Life & Style Weekend - - WELCOME - WORDS: AN­NIE CAUGHEY The next re­treat will be held on April 20. To find out more or to book a place, visit atou­chofdeeplo­ or fol­low Lay­ota on In­sta­gram @atou­chofdeeplo­ve.

Pic­ture this: your part­ner’s away and you’re look­ing af­ter four chil­dren – one of which is a new­born baby di­ag­nosed with lung dis­ease.

In his first two days of life, he’s al­ready had two surg­eries and now he’s about to be se­dated for eight days.

You’ve got no fam­ily in your area and you feel heart­break­ingly alone.

This was the end of 2018 for Lay­ota Thom­son.

The ded­i­cated mother is coura­geous about her story, open­ing up about her deep­est strug­gles, all for the em­pow­er­ment of oth­ers.

While these times were cer­tainly tough for Lay­ota, she be­lieves they were meant to be be­cause they pushed her to break­ing point and even­tu­ally re­sulted in re­ju­ve­na­tion.

“You don’t have time to do those things that make you who you are’” she said.

“So, I lost that and I didn’t know who I was. I went into sur­vival mode be­cause he was sick and I had three other kids.

“I didn’t go through what I went through for noth­ing, to just hide it.”

Pre­vi­ously Lay­ota owned Deep Love Pic­nics and Deep Love Wed­dings but now her heart has led her on a new path – a path to con­nect women during their time of need.

“I hit a dark place’” she said. “I fi­nally went ‘I can’t do this any­more. This is hor­ri­ble. I want that vil­lage back where women used to raise chil­dren with the sup­port of sis­ters and friends and aun­ties’.”

In Jan­uary this year, Lay­ota launched Chang­ing Habits Farm: an all-fe­male day re­treat that aims to help women take time out and re­con­nect with them­selves.

The all-in­clu­sive re­treat fo­cuses on men­tal health and spir­i­tual con­nec­tion. Guests can par­tic­i­pate in all kinds of re­ju­ve­nat­ing ac­tiv­i­ties such as yoga, med­i­ta­tion, craft, dried-flower work­shops, photo shoots, god­dess baths and more.

Lay­ota said the re­treat had been built around what she felt she was miss­ing during her low­est point. She hopes to help women find a sa­cred space where they can learn to just be.

“We tend to find, in this fast-paced way of liv­ing, we of­ten lose who we are – whether that be through our job, through a mar­riage, a re­la­tion­ship or chil­dren and we don’t work on that per­son we are in­side,” Lay­ota said.

“It’s about switch­ing off, re­lax­ing and mov­ing away from that neg­a­tive state of mind. I know mine used to be ‘you’re a mum: you don’t have time to do that’.”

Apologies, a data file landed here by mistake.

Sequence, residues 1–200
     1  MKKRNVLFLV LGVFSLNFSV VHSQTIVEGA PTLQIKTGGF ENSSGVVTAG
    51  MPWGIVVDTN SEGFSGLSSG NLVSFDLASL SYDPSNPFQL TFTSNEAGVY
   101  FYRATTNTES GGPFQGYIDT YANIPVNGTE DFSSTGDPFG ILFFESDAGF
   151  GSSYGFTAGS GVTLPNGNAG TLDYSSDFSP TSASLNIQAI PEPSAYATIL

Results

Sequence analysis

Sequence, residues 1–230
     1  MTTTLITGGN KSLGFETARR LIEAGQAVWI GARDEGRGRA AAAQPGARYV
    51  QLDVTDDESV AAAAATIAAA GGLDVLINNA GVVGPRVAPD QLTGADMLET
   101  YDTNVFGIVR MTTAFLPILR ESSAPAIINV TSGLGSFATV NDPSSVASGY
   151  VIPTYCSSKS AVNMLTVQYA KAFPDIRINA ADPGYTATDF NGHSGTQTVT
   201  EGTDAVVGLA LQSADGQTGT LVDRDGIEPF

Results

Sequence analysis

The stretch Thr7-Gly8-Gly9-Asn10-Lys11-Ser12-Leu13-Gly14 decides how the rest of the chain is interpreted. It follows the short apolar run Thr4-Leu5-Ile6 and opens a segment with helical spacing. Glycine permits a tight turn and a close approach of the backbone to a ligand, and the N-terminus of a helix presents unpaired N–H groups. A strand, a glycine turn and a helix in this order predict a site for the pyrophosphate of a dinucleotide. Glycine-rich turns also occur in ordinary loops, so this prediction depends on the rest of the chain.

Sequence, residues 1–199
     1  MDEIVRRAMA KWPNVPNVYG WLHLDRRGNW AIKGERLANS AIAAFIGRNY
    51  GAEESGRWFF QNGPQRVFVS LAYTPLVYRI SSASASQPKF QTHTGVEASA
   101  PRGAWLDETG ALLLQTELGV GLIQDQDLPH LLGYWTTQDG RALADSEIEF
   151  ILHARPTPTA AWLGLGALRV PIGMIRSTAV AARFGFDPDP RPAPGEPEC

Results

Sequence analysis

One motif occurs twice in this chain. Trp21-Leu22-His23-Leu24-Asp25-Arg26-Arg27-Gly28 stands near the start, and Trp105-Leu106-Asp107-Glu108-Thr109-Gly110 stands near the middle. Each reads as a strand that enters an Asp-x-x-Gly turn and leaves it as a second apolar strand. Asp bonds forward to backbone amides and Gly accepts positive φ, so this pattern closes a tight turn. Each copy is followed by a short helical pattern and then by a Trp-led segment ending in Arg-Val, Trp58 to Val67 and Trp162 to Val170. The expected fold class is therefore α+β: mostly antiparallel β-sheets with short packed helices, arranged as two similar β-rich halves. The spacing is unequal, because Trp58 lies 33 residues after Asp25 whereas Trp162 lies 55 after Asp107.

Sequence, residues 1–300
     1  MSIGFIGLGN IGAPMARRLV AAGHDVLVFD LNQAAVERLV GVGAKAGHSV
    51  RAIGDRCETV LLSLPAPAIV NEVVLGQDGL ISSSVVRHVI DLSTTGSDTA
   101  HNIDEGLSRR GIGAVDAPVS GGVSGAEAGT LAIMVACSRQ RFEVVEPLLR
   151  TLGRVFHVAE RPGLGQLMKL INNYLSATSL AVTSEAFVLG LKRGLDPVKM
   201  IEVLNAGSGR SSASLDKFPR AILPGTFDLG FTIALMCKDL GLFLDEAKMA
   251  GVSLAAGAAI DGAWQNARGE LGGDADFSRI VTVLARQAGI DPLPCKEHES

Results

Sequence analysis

At the re­treat, women can get cre­ative and im­merse them­selves in art ther­apy.

During these ses­sions, par­tic­i­pants get to ex­press them­selves in any way they de­sire by us­ing colours, pat­terns and tech­niques that speak to them.

“Some of the women last time were in fits of laugh­ter be­cause they started out fin­ger painting like you do in kindy but even­tu­ally they cre­ated some­thing that was so vis­ually ap­peal­ing,” Lay­ota said.

“One by one they are taken away by the pho­tog­ra­pher and she’ll talk to them about the same sort of thing.

“What’s hold­ing you back? Who are you? “What do you like to do?

“And then cap­ture that in a re­ally artis­tic way. Af­ter that, she goes home and ed­its them but blends their art­work with their photo to make an artis­tic piece. Then the girls get gifted that, too.

“I asked the pho­tog­ra­pher if we’d be able to do this heal­ing through pho­tog­ra­phy and we came up with this con­cept. By cap­tur­ing their flaws in such an in­cred­i­bly beau­ti­ful way, when they look at it, all they see is beauty.”

At the end of the night, guests en­joy a three-course din­ner un­der the stars that is catered with ta­ble ser­vice and live mu­sic.

Each re­treat will of­fer dif­fer­ent meal themes and en­ter­tain­ment.

For the up­com­ing re­treat in April, live Samba dancers will be per­form­ing.

The event is formed from a col­lec­tive of Sun­shine Coast busi­nesses such as Bloom­ing Lo­tus Yoga Stu­dio, Mag­no­lia Growth Flow­ers and White Square Art.

The full day, in­clud­ing all ac­tiv­i­ties and cater­ing, will cost each par­tic­i­pant about $480.

How­ever, the fee can be paid in in­stal­ments to help soften the blow.

“We give these women the tools and the con­tacts to re­con­nect,” Lay­ota said.

“The rea­son I’m do­ing this is to re-cre­ate that vil­lage.

“So even if you don’t know me, send me a mes­sage if you need a chat or want to meet up for a cof­fee.

“That’s what this is all about – reach­ing out and not be­ing afraid to do so.”


NEW PATH: Mother-of-four La­toya Thom­son has started a one-day women's re­treat in the hin­ter­land.

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